With India Inc's credit quality on slippery ground, NPAs will rise: Crisil

Crisil's credit ratio -- or the proportion of upgrades to downgrades -- for the first half of the current fiscal ended 30 September has come in at 0.87 times.

The ratio has stayed under 1 for the last two years. This time around, there were 478 downgrades to 417 upgrades. As many as 86 per cent of the downgrades were due to demand slowdown and stretch in liquidity (caused by delays in receivables).

Crisil believes these problems, along with high interest rates, mean credit quality of corporates will remain weak in the near term.

Ramraj Pai, president, Crisil Ratings, says, ''Despite the tough economic environment,  we continue to see rating upgrades. Almost 40 per cent of the upgrades were driven by firm-specific factors such as satisfactory track record of timely debt servicing by firms that were previously rated default grade, and an improvement in capital structure following higher-than-anticipated equity infusions or reduction in debt.''

Pai says, ''Another 25 per cent was due to better business conditions for firms that are not dependent on investment demand such as textiles, agricultural products and packaged foods sectors. These sectors witnessed the highest upgrade rates.''

CRISIL's analysis on 2,481 firms rated BBB- and above indicates that a fourth of these firms were highly vulnerable to demand slowdown and a sixth to liquidity constraints.

''Working capital management emerged as a clear differentiator of credit quality. Firms with longer working capital cycles – or gross current assets (GCA) exceeding 240 days of sales - have witnessed twice the number of downgrades compared with upgrades,'' Pai says.

''On the other hand, firms with prudent working capital management, as indicated by low GCAs of less than 120 days of sales, witnessed more upgrades than downgrades,'' he added. Power, road transport and construction sectors had the highest downgrade rates.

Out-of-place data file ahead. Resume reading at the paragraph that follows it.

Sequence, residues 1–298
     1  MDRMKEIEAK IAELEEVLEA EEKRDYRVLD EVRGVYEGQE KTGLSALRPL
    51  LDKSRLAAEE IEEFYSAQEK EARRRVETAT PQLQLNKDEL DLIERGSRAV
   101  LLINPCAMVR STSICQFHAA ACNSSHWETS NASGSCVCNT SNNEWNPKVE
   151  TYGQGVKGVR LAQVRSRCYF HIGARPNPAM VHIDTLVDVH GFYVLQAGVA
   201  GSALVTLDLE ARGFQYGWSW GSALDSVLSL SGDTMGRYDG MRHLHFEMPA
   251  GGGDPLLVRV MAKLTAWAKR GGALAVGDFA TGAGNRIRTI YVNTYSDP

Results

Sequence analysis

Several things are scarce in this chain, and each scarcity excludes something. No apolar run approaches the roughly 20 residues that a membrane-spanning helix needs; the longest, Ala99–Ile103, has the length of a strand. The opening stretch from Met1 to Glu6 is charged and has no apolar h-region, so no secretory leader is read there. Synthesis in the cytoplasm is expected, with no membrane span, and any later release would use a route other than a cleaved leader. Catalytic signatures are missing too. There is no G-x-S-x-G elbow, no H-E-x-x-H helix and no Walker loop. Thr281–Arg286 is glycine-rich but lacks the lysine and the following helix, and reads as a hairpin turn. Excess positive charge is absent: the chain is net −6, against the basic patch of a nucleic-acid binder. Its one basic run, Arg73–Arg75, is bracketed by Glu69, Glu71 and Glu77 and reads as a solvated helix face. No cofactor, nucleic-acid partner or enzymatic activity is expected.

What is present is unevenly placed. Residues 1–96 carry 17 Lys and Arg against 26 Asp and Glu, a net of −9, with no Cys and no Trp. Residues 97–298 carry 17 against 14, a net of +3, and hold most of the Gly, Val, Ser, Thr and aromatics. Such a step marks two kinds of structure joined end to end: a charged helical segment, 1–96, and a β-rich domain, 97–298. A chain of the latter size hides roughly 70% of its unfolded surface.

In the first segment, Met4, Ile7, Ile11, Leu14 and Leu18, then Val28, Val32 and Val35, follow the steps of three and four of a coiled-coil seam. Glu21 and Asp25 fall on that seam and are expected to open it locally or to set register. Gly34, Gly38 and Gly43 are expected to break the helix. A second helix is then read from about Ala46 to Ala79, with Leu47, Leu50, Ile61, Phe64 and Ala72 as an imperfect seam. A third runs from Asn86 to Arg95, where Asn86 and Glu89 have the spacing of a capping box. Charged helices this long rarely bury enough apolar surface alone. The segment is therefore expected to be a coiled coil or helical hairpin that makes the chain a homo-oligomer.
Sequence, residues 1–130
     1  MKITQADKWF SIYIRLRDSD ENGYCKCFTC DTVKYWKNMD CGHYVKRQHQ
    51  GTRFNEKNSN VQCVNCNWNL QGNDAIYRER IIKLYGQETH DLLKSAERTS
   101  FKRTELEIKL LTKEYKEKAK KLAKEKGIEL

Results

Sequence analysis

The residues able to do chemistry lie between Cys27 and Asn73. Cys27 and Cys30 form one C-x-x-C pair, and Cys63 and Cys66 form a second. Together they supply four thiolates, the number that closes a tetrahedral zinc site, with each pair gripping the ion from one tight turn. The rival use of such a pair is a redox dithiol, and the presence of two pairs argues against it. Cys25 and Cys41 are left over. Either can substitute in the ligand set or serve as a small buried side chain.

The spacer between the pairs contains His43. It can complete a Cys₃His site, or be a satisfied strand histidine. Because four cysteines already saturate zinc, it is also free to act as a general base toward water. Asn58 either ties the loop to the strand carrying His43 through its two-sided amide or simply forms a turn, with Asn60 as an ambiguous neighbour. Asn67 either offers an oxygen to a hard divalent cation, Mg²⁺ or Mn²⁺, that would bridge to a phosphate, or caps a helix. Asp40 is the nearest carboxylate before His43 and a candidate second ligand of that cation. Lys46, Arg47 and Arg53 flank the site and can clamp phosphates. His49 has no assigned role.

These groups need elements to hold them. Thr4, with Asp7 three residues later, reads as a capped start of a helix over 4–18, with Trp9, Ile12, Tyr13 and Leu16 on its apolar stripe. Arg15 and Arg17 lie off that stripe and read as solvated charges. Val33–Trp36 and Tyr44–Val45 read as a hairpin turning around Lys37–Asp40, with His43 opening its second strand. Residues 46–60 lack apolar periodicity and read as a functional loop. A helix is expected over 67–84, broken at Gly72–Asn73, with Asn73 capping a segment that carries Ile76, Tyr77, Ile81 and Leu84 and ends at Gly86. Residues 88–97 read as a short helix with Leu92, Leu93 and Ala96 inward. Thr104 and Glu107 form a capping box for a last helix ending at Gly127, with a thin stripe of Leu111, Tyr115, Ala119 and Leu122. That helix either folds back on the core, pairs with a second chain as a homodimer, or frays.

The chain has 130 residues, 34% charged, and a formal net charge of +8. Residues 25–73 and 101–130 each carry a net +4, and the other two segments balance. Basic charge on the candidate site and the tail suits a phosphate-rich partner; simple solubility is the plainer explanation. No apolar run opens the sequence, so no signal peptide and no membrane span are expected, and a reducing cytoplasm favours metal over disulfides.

Asset quality of banks would reflect the weakness in the external environment. says Pawan  Agrawal, senior director, CRISIL Ratings.

He says, ''We expect the gross non-performing assets (NPAs) to increase sharply by 110 basis points to 4.4 per cent of gross advances by the end of  this fiscal, up sharply from 3.3 per cent last year. Furthermore, systemic weak assets are likely to rise by 140 basis points to 5.7 per cent of gross advances by the end of this fiscal, a significant increase over last year's 4.3 per cent.''

Weak assets are defined as gross non-performing assets (NPAs) plus 30 per cent of restructured standard assets (RSAs), excluding those of state power utilities.

Crisil believes 30 per cent of RSAs have a high chance of slipping into NPAs over the next two years on account of the L-shaped economic growth trajectory expected.

Going forward, demand and adequacy of funding will drive credit quality of companies. Crisil believes downgrades will continue to outnumber upgrades over the near term, and intensity of downgrades may even increase.